photo: Rob Galbraith, Calgary HeraldAnne McLellan, the Justice Minister, whose department is responsible for the Information office, was singled out by John Reid, the Information Commissioner, for refusing to uphold the law that requires federal departments and agencies to respond to information requests within 30 days.
Mr. Reid, a former Liberal MP recently appointed the federal freedom of information czar, said the federal government is creating a "crisis of delay" in answering freedom of information requests from Canadians.
His annual report, presented yesterday, is highly critical of Jean Chretien, the Prime Minister, and Anne McLellan, the Justice Minister.
He singles out Ms. McLellan, whose department is responsible for the Information office, for refusing to uphold the law that requires federal departments and agencies to respond to information requests within 30 days. The department has chosen to adopt the role of "secrecy enforcer", he noted.
"No minister of justice has shown leadership in transforming the culture of secrecy, which pervades the public service", Mr. Reid says in his report that covers the period from April 1, 1998, to March 31, 1999, and assesses how the federal Access to Information Act is working.
"No minister of justice has issued a reminder to officials that the response times are mandatory and that consistent failure to comply constitutes lawbreaking which will not be tolerated. Rather, Justice has fought efforts by the commissioner to enforce response times and Justice has argued before the courts that there should be no legal consequences for government institutions when response deadlines are ignored."
The biggest problem in making government accessible to its citizens is that senior bureaucrats delay requests on the orders of their political masters, Mr. Reid said.
Despite being a friend of Mr. Chretien, the commissioner criticizes the Prime Minister's Office as the central culprit in the cult of secrecy by directing the Privy Council Office (PCO), the central government agency, to delay release of requested documents.
"The prime minister's department set a poor example by insisting from the beginning that the access system be sufficiently slow to enable PCO to continue to manage releases in a way most favourable to the government of the day", he writes.
Mr. Chretien campaigned in the 1993 election on a platform that "open government will be the watchword of the Liberal government".
Mr. Reid contrasts the Chretien approach to freedom of information to that of Bill Clinton, the U.S. president, who issued a directive in 1993 requiring all government departments and agencies to clear up the backlog of requests, answer new requests promptly, and find reasons to disclose information. Two years later, Janet Reno, the U.S. attorney-general, instituted work performance standards for all employees in her department having any involvement in the processing of access to information requests.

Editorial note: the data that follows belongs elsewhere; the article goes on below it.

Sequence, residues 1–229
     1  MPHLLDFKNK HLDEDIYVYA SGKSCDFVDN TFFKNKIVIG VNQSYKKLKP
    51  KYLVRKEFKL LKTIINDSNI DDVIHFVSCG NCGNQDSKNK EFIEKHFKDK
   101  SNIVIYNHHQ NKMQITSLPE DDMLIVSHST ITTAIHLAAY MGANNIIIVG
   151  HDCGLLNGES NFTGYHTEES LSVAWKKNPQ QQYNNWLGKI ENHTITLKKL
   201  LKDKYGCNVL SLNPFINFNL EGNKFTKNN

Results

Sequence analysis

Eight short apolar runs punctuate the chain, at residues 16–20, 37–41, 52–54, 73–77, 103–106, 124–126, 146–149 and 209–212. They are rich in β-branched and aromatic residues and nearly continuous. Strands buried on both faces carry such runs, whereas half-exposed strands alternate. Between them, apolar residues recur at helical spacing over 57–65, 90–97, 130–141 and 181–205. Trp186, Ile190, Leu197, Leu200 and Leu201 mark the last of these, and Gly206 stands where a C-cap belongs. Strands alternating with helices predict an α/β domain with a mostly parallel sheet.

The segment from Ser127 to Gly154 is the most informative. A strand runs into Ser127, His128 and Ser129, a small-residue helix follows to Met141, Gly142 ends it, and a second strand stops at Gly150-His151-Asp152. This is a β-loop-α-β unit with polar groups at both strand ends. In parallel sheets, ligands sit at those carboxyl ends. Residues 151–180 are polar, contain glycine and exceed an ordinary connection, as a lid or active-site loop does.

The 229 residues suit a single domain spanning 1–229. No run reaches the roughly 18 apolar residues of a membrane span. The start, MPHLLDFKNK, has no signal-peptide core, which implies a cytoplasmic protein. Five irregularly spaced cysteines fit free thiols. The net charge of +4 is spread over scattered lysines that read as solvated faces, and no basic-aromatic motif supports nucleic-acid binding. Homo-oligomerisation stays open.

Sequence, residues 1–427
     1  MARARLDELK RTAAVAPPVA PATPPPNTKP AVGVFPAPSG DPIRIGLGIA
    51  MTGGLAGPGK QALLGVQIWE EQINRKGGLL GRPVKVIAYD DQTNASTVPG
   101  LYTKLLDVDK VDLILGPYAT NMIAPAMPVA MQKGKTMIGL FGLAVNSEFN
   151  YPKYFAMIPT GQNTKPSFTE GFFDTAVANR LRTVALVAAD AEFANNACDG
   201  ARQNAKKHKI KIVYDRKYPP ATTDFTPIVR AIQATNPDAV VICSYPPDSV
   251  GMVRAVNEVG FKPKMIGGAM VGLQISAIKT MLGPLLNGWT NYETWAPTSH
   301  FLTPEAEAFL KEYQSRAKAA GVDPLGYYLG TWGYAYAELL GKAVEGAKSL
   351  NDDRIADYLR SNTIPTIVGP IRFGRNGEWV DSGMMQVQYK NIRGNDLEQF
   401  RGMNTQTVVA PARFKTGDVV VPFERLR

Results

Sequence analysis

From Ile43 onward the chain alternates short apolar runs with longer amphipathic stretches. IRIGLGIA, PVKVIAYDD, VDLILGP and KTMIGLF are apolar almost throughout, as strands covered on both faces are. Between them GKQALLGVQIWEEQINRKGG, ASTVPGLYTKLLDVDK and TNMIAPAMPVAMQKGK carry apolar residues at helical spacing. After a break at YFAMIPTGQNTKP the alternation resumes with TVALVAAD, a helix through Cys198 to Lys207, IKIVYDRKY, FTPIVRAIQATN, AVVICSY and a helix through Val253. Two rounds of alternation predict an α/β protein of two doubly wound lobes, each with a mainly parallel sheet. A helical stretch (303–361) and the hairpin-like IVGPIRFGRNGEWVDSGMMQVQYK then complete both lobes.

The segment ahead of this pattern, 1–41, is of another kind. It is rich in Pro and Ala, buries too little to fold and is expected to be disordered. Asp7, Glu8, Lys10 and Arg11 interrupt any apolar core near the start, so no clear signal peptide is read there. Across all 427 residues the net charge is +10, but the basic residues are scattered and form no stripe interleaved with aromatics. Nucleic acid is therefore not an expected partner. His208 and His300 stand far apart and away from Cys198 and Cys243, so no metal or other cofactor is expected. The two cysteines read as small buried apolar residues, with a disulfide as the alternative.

Mr. Reid said it is not just ordinary Canadians who are having difficulty obtaining information from the public service, but opposition MPs.
"Members [of Parliament] also are experiencing excessive secrecy due to the knee-jerk tendency of public officials to believe that, if any opposition MP wants a record, it must be damaging somehow to the minister or government", he said. "The notion of ministerial accountability is, too often, taken to mean that the public should not know what public servants do or advise their ministers to do."
Mr. Reid listed Health, Defence, Indian and Northern Affairs, Revenue Canada, and Citizenship and Immigration as departments which have received the most complaints about delays in releasing information. His office received 1,670 complaints against the government and 43% were about delays in processing.
Without providing details, the commissioner said he subpoenaed two deputy ministers and an executive assistant to a cabinet minister as a result of their failure to "remedy serious cases of delay". In each case, the access requests were answered on the date the officials appeared to give evidence.
Mr. Reid also criticized Treasury Board, the lead agency administering the access to information law, for not curbing what he terms chronic delays in answering citizens' queries.
He noted the department has "studiously avoided its responsibilities to monitor the health of the access system . . . and keep under review the state of records management in government".
He ridiculed a recent letter from Marcel Masse, the Treasury Board President, for claiming delays are often a result of "frivolous and vexatious" requests and to growing private sector professionals who make numerous demands.
"The old myth persists that the law is being abused by frivolous and vexatious requesters and by commercial users. In fact, there are, at most, a half-dozen commercial users . . . As for so-called frivolous and vexatious requesters -- there is none in the system", he said.
Mr. Reid urges a public, parliamentary process for amending and strengthening the act, noting that it hasn't been changed since it was passed in 1983.
"It is past due for parliamentarians and Canadians to insist that a strong right to know be part of our collective survival kit for the new millennium", he said.
He also urged Ottawa to shift his office from reporting to Justice to remove the "potential for improper interference" and to safeguard its independence from a department that acts as the legal advisor to all departments against whom access to information claims are lodged.